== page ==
Second, the positional estimate represented by the distribution of phases across the subcortical bank of velocity-controlled ring attractors may be projected to cortical areas such as the MEC (Gonzalez-Sulser et al., 2014; Justus et al., 2017). Here, this signal would be allocentrically reconciled with the representations of boundaries or other landmarks. Grid cells could be a neural product of this process, whereby the subcortical phase-coded output is converted to a rate code that is presumably more amenable to the type of cortical plasticity necessary to bind it to landmark representations (Blair et al., 2014, 2008; Burgess and Burgess, 2014; Burgess et al., 2007; Evans et al., 2016; Hasselmo et al., 2007; Hasselmo and Brandon, 2012). MS pharmacological inactivation severely disrupts the firing patterns of grid cells, although they can still display multiple place fields (Koenig et al., 2011) and preserve any directional modulation (Brandon et al., 2011), suggesting that the disruption is specific to the processing or relaying of metrical information to the grid cell system. Accordingly, rats' ability to estimate linear distances is impaired after MS lesions (Jacob et al., 2017), and the firing locations of place cells shift toward landmarks during MS inactivation (Fattahi et al., 2018).
Last, the allocentric stabilization produced in these cortical areas – or as further processed by the hippocampus proper – would be relayed back to the subcortical representations, making them allocentric as well. Indeed, neurons of the lateral septum signal allocentric self-position by both firing rate and theta phase (Leutgeb and Mizumori, 2002; Takamura et al., 2006; Tingley and Buzsáki, 2018; Monaco et al., 2019), while neurons in other subcortical areas also encode position by firing rate (Jankowski et al., 2015; Jankowski and O'Mara, 2015). [Similarly, speed is encoded both by rate and phase in the MEC, but with a different degree of sensitivity to MS lesions (Hinman et al., 2016).]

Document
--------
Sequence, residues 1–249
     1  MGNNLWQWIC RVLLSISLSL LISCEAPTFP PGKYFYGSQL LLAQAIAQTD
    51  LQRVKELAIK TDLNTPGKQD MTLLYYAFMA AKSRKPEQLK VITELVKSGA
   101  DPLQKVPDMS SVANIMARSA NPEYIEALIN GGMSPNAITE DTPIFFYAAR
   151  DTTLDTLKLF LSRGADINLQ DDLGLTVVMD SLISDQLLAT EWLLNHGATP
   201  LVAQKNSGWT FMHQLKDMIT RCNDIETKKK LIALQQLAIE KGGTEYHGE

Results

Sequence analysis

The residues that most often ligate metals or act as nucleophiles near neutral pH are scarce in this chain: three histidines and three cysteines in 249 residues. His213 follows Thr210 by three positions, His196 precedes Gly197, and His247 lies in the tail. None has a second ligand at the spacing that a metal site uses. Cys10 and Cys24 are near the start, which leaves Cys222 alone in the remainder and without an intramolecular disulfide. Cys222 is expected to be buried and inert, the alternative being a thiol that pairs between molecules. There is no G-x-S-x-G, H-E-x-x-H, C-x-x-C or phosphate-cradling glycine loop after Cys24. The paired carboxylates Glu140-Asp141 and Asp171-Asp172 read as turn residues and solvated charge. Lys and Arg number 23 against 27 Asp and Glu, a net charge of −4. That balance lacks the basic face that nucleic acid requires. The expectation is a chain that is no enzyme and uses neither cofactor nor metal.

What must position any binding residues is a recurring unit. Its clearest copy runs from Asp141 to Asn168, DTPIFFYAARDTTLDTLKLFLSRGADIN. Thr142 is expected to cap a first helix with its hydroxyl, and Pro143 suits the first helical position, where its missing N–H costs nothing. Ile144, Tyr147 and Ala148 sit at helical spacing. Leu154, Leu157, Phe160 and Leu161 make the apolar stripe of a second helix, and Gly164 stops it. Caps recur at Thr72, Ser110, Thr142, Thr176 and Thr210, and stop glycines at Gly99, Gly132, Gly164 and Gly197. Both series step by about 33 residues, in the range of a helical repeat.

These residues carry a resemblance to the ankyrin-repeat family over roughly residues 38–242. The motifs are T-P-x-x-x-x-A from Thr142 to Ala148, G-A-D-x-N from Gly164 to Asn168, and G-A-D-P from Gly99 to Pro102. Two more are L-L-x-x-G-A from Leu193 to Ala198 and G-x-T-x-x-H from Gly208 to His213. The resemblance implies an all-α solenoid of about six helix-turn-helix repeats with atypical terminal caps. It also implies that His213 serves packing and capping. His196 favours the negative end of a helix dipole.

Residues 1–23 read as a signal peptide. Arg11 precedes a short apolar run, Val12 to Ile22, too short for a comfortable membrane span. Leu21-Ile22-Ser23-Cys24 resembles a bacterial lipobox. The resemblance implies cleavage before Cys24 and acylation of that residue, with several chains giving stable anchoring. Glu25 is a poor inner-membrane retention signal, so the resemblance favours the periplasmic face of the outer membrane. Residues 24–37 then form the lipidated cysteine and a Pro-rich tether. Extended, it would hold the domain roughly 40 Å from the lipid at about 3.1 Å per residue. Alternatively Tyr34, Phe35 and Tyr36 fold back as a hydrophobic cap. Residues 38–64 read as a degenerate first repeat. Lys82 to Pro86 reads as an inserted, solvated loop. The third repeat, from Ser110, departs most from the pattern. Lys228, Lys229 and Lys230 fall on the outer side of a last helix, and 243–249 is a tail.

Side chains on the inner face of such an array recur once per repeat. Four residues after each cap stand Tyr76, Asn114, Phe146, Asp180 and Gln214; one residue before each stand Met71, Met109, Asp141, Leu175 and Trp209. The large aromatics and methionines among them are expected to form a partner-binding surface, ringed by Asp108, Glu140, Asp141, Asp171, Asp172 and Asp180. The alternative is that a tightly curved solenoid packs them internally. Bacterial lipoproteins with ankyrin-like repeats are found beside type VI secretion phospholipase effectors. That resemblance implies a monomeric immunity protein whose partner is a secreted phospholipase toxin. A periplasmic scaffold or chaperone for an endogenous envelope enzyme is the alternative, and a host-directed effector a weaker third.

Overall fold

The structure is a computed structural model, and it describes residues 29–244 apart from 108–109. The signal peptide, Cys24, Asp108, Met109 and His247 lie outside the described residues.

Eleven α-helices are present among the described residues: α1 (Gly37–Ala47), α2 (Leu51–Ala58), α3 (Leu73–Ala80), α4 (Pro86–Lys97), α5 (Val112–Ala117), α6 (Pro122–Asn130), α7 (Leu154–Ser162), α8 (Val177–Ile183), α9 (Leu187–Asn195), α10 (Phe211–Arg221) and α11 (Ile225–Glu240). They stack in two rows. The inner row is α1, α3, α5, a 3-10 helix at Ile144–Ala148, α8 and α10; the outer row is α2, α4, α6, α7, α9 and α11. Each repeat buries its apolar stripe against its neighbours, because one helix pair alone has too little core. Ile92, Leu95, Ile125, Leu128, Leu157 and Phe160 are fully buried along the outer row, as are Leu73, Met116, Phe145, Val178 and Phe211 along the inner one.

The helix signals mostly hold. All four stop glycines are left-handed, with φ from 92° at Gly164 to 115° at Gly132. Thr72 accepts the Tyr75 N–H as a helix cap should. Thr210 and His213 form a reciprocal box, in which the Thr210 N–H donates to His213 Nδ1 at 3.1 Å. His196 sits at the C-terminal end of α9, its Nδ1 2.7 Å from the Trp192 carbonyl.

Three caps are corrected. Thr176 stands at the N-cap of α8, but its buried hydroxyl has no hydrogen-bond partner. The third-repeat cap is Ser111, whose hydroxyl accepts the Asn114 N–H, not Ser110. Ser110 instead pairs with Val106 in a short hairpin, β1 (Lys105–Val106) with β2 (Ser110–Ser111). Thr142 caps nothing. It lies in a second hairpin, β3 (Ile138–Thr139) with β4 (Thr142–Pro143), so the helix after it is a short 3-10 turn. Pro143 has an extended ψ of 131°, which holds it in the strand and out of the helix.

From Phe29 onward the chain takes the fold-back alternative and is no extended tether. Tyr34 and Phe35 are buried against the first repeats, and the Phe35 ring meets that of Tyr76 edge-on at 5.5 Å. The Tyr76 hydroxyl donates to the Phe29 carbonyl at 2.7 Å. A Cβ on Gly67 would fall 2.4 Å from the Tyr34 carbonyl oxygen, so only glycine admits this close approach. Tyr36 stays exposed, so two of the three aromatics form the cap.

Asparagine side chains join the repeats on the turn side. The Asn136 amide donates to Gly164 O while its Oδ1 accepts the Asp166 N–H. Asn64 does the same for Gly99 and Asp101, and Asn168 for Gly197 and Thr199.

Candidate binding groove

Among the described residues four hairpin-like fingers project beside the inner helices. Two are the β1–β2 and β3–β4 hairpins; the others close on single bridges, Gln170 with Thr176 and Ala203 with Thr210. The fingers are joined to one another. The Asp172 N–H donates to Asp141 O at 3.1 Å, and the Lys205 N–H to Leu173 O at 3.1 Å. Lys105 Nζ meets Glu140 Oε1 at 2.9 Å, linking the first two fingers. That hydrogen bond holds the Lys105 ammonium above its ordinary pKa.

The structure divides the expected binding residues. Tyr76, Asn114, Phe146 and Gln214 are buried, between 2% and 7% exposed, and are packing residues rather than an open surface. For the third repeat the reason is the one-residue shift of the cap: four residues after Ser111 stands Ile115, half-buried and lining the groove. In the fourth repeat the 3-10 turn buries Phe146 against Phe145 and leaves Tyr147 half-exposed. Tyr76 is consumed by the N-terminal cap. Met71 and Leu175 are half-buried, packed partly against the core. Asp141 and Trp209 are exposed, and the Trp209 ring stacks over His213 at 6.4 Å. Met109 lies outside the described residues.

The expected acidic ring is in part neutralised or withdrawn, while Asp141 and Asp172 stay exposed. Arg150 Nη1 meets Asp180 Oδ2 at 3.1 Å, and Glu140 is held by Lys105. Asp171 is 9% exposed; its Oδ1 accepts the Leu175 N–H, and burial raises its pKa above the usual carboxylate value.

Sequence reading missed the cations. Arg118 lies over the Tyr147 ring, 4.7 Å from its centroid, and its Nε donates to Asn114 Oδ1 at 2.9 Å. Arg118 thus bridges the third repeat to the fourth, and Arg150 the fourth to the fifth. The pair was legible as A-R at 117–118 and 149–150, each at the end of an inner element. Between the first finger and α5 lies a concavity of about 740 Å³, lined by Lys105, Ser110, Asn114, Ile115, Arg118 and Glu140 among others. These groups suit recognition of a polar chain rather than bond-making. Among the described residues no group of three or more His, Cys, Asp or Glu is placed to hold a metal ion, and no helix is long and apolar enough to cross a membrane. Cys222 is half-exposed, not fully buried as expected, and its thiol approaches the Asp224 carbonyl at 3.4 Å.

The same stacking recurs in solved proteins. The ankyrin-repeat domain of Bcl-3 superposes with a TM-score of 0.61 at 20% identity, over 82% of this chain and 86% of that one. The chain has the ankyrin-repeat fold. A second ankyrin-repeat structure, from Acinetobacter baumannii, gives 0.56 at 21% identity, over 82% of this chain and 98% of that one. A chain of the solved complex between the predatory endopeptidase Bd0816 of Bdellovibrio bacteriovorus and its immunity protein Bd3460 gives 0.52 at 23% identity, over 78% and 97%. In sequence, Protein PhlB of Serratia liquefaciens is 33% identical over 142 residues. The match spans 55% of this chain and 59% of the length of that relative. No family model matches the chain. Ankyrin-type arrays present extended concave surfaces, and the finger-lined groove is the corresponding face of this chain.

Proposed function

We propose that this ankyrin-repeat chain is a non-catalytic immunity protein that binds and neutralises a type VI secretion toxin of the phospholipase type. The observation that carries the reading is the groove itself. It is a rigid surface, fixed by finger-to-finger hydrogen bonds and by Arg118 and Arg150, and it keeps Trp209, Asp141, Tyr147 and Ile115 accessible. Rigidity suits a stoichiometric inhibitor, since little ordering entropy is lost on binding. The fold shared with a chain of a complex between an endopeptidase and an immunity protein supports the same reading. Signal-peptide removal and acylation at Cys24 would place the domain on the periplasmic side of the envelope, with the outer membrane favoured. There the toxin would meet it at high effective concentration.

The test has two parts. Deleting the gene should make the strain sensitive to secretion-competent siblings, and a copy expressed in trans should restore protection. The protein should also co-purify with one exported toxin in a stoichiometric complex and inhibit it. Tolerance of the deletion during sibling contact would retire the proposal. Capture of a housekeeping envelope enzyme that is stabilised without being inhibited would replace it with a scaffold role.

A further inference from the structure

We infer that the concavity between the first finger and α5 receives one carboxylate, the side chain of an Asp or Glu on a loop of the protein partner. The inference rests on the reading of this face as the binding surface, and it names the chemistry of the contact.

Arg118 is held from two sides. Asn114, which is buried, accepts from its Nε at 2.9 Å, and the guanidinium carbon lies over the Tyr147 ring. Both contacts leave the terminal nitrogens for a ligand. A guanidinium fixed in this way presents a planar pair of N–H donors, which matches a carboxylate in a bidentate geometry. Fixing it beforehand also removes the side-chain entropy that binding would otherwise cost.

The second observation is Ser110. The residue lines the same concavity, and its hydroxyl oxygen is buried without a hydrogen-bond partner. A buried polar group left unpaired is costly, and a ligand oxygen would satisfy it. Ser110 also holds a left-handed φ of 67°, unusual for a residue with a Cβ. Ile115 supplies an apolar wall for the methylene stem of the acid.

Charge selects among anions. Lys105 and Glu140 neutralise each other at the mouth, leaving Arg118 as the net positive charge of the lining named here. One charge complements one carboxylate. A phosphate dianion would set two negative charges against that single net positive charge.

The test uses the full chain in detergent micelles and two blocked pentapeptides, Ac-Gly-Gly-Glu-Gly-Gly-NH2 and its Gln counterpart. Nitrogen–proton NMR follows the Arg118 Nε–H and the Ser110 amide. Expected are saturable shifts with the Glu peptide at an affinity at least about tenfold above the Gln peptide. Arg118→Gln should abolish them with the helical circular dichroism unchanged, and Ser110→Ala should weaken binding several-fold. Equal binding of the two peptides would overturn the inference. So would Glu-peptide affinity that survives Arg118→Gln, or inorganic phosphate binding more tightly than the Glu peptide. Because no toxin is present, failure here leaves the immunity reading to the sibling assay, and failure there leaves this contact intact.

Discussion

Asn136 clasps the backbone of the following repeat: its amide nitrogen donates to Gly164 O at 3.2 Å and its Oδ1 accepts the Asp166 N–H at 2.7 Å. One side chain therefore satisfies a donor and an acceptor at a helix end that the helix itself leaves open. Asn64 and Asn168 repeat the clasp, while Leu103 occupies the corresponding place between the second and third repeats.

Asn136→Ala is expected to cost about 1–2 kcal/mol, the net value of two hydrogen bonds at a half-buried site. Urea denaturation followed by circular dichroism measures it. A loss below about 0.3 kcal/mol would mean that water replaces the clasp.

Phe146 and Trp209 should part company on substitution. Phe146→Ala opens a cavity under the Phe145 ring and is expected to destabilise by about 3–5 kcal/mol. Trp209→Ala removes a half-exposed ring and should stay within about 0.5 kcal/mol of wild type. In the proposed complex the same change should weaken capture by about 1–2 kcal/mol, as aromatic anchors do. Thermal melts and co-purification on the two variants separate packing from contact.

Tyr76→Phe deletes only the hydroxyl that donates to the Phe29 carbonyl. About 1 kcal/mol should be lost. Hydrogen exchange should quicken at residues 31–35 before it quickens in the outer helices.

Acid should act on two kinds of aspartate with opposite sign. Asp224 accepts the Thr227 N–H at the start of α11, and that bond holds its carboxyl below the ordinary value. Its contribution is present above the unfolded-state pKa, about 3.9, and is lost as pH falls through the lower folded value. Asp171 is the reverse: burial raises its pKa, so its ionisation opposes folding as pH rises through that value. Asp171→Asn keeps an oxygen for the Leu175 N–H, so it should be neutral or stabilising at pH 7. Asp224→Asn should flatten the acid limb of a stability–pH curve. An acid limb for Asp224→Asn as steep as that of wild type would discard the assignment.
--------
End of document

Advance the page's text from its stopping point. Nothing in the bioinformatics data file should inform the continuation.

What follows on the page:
What is path integration good for in the mammalian brain?
In all the scenarios considered above, path integration is viewed as a continuously operating, automatic process closely integrated with landmark processing. Although this computational strategy has long been central to certain theoretical views of hippocampal function (Etienne and Jeffery, 2004; McNaughton et al., 1996; O'Keefe, 1976; Redish and Touretzky, 1997; Taube, 2007), it found practical validation and mathematical formulations in the field of mobile robotics (Thrun et al., 2005). Here, the robot's perceptual and spatial uncertainty is explicitly quantified by probability distributions over a suitable set of random variables modeling: (1) noisy sensory inputs (from both idiothetic sensors, such as odometers and gyroscopes, and allothetic ones, such as cameras, sonar and laser range finders); (2) the effect of locomotor commands (also an idiothetic cue by analogy to motor efference copy); and (3) the robot's pose (i.e. its position and orientation relative to the allocentric reference frame) – all with respect to a given map. Bayesian algorithms perform continuous autonomous localization as a live update of the probability distribution on (3) by integrating the information from (1) and (2) (Fig. 4).